Monday, October 15, 2012

Devil's Own

        Maxwell Drake twitched. Pain flooded his everything, from the scruff on his face to the deep down depths of his feet. He opened an eye, and then closed it again. It was bright, and that was bad.
        “So this is sober,” he muttered into the sand. “Don’t much care fer it.”
        The sounds of surf assailed his ears. The cries of the gulls, water pounding sand, and the angry percussionist in his chest pounding out a rhythm in his abused ears. He quickly took stock of the situation. He was lying face down in the sand on some unknown beach in the middle of what he assumed was nowhere. He was naked. He’d been there for some time, judging from the vaguely cooked feelings emanating from his back and backside. He knew his name, had a distant memory of how many fingers and toes he had, and the barest trace of how old he was. The rest of it, unimportant details such as how he came to be in this rather unusual predicament, were gone. They were just plain not there.
        He pushed himself to a sitting position, ignoring the screams of agony from his joints and skin, and only dared open his eyes once he was upright. Less than five feet from where he had been lying, a crate stamped “Devil’s Own Rum” lay, cracked open. Most of its contents appeared in tact, eight lovely bottles of beautiful bliss. He leaned forward, grabbed a bottle and smashed the neck against the crate and took a hearty swig.
        “Slap me sister and call her Jezabelle,” he said with a contented sigh. “At least I’m not lonely.”
        “Ya know it be bad luck ta drink by yer lonesome,” a gruff voice informed him. Drake didn’t turn. He knew that voice.
        “‘Tis worse luck ta drink with you,” Drake returned, and put the rum to his lips once again. As he drained the rest of the bottle, the other trudged around him and reached into the crate, removing a bottle and opening it in a similar fashion. Once Drake had drained the first, the man handed him the second, then hunkered down on the crate as Drake partook in the proffered beverage.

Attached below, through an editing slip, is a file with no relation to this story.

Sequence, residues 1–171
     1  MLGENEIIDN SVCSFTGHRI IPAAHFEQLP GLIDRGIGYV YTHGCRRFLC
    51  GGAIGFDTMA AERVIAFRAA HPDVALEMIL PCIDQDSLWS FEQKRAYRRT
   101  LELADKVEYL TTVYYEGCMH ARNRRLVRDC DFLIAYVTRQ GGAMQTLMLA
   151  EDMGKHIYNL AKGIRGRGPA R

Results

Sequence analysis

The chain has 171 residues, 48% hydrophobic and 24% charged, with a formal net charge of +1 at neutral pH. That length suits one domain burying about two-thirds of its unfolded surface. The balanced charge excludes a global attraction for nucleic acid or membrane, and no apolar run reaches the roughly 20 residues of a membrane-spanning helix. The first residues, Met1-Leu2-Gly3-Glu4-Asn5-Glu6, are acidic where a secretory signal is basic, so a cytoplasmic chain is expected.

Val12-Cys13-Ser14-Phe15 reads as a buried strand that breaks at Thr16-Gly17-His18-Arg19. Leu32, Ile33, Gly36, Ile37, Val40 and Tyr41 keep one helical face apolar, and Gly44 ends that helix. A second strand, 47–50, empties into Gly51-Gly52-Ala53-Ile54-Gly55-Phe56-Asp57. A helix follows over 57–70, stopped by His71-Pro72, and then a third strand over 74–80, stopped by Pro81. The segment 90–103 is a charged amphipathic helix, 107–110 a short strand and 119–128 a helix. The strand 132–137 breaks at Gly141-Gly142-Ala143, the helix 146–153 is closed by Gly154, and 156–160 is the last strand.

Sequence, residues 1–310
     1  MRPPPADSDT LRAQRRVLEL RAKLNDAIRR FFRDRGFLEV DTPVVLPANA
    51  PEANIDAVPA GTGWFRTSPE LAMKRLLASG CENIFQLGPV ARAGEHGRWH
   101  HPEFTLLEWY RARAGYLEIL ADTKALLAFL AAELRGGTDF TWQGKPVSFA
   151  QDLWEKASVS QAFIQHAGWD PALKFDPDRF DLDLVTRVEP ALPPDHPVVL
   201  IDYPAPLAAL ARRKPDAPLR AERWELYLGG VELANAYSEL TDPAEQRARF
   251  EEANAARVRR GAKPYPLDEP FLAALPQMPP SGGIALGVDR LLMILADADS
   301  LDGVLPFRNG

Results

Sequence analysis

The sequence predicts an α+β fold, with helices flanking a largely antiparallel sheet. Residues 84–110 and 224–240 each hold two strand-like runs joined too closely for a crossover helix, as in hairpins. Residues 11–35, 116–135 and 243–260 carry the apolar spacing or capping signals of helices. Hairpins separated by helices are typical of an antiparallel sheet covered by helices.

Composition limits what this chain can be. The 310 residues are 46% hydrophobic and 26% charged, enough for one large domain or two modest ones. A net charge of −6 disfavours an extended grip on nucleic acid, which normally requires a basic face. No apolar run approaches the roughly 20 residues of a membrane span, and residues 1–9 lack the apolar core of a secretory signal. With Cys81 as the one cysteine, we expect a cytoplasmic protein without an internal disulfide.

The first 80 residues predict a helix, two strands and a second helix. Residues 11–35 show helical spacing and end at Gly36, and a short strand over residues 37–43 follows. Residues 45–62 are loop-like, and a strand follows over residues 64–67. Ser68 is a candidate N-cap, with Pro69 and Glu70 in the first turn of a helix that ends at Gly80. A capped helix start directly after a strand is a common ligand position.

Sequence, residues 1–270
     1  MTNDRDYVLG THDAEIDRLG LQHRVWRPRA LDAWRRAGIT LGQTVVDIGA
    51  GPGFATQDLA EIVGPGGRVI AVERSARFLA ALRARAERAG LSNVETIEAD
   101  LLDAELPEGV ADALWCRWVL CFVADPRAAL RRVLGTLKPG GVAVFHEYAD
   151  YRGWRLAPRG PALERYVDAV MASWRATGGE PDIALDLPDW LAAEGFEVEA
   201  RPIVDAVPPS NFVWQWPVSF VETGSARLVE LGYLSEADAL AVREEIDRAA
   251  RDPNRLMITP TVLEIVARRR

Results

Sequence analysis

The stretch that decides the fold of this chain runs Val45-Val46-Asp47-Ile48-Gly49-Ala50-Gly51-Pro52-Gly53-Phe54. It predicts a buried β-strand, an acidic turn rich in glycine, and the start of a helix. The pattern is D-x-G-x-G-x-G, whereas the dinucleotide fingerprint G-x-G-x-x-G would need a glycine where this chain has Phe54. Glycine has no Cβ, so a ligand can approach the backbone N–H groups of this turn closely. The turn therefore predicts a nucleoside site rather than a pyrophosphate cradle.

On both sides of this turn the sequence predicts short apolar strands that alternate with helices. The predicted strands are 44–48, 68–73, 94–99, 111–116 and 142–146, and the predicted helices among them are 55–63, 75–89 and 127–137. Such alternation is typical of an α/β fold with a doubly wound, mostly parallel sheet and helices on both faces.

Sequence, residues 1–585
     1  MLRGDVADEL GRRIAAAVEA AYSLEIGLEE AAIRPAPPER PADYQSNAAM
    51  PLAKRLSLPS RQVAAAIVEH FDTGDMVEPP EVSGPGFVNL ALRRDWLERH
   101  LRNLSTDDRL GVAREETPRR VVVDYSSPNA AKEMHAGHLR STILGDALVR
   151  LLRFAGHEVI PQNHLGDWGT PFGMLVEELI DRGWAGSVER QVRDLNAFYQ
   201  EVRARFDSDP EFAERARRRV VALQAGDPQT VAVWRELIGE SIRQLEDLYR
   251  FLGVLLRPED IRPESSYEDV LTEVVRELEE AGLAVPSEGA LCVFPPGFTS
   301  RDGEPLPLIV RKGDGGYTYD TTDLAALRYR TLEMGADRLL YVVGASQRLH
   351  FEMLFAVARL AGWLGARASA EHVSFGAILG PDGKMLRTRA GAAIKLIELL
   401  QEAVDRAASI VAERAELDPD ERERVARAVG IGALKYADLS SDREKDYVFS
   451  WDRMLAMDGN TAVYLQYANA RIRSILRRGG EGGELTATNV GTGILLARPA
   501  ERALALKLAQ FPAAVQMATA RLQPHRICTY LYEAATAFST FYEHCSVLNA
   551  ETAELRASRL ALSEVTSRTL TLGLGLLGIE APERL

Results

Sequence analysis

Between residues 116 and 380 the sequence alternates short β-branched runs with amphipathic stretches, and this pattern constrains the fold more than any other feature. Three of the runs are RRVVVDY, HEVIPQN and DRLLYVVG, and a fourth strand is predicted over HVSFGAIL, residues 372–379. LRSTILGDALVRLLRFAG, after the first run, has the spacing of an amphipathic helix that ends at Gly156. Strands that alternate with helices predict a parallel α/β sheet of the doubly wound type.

The man was about as tall as Drake, but heavier set, with wide shoulders, a good-sized drinking belly, a bright red bulbous nose, thick reddish-gold beard and twinkling black eyes. He wore the vestments of a captain in good standing with the Guild of the Gentlemen of Good Fortune; a deep blue long coat with whalebone toggles and matching vest, white shirt and collar, canvas breeches matching his coat and vest, soft-soled leather boots, and, oddly enough, wire-rimmed spectacles. His hat was massive, feathered, and festooned with musket balls, he wore a cutlass on his left hip, and a bandolier of pistols over each shoulder. His left hand was missing and replaced by a wicked-looking three-pronged fork with bladed tines. His boots didn’t fit him quite right and shifted around as he walked, and the back side of his breeches had been cut to make room for the vestigial tail that hung down a foot or so behind him.
        Drake knew him as Jak Severstring, but he also knew that this was not his real name.
        “That’s one more ye owe me, Drake,” Jak rasped. Drake didn’t answer. He was halfway through the second bottle and he’d be damned if he was going to talk to Severstring sober. “I make that ta be four times I hauled ye out of the deep.”
        “Who’s counting?” Drake said weakly. Jak’s soulless black eyes twinkled.
        “The deal was fer three,” Jak growled, gesturing with the three-pronged fork that was his hand. “That means we need to renegotiate our deal.”
        “Ya didn’t have to pull me out,” Drake muttered into the bottle. Jak’s smile widened.
        “I suppose I didnae… I’ll just throw ye back then,” the big man’s right hand shot out and grabbed Drake by the throat. Drake sprayed rum all over the other sailor as Jak stood and began to drag him toward the ocean.